There is one important decision to make when creating a new workflow. Will the workflow be a sequential workflow, or a state machine workflow? Windows Workflow provides these two types out of the box. To answer the question, we have to decide whois in control.
A sequential workflow is a predictable workflow. The execution path might branch, or loop, or wait for an outside event to occur, but in the end, the sequential workflow will use the activities, conditions, and rules we’ve provided to march inevitably forward. The workflow is in control of the process.
A state-machine workflow is an event driven workflow. That is, the state machine workflow relies on external events to drive the workflow to completion. We define the legal states of the workflow, and the legal transitions between those states. The workflow is always in one of the states, and has to wait for an event to arrive before transitioning to a new state. Generally, the important decisions happen outside of the workflow. The state machine defines a structure to follow, but control belongs to the outside world.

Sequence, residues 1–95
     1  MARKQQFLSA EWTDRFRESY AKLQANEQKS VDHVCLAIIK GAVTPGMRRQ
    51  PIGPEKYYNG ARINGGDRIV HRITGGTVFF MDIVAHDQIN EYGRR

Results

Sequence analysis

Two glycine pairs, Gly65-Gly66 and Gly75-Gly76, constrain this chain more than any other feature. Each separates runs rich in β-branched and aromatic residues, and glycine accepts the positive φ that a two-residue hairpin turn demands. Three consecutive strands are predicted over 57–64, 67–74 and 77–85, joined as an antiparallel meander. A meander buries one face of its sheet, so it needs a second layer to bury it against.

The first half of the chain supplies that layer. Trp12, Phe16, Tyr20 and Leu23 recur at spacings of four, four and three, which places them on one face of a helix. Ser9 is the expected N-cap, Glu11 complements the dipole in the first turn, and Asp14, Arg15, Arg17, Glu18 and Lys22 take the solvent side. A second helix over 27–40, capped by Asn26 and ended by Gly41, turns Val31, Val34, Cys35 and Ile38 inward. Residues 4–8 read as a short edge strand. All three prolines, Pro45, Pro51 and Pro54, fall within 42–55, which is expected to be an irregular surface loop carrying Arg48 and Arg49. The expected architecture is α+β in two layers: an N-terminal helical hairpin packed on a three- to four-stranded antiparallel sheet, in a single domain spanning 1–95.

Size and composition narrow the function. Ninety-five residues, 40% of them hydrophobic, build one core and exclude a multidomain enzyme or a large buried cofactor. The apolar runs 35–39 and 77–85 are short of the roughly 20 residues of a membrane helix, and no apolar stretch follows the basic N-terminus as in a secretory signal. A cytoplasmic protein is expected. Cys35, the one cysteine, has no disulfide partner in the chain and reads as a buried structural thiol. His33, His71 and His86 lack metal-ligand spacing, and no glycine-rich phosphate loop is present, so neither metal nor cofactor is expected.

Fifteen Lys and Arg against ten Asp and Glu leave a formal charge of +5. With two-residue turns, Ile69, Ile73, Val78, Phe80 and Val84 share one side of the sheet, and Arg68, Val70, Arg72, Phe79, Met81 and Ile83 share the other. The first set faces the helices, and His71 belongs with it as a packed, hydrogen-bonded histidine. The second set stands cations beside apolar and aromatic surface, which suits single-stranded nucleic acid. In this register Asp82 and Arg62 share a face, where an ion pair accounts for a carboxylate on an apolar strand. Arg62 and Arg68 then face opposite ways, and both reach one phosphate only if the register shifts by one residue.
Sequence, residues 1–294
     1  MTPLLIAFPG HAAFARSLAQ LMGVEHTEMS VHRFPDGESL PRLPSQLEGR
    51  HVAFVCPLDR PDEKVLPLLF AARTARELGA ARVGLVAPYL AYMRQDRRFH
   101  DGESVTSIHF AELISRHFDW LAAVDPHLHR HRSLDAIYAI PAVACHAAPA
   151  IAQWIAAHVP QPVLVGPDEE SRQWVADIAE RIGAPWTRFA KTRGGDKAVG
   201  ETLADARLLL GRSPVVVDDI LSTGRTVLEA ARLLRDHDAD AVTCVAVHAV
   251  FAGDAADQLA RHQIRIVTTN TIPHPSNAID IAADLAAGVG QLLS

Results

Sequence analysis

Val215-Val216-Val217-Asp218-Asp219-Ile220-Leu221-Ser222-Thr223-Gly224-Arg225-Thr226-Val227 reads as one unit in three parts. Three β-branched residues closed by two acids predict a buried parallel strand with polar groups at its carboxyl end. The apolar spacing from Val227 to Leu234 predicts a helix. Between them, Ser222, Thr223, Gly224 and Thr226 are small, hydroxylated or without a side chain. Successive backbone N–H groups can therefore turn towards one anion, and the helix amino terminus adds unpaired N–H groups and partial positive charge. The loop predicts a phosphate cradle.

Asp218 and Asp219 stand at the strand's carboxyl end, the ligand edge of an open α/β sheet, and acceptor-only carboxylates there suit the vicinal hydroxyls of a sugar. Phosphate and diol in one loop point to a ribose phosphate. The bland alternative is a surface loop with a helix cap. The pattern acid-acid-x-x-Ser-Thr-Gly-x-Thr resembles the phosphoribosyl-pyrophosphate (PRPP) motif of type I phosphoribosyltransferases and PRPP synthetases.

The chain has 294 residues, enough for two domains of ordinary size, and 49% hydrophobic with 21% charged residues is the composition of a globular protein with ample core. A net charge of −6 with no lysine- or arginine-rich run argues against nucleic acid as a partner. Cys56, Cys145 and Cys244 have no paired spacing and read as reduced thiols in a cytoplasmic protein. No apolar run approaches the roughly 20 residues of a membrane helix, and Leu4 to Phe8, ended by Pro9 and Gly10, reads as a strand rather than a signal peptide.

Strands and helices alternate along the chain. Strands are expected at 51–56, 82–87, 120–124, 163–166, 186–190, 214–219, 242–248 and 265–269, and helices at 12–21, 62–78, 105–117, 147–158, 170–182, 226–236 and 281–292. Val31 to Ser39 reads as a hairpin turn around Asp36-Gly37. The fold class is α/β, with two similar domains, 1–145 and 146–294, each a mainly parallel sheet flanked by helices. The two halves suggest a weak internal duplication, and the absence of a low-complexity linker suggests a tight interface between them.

We use a sequential workflow when we can encode most of the decision-making inside the workflow itself. We use a state machine workflow when the decision-making happens outside the workflow.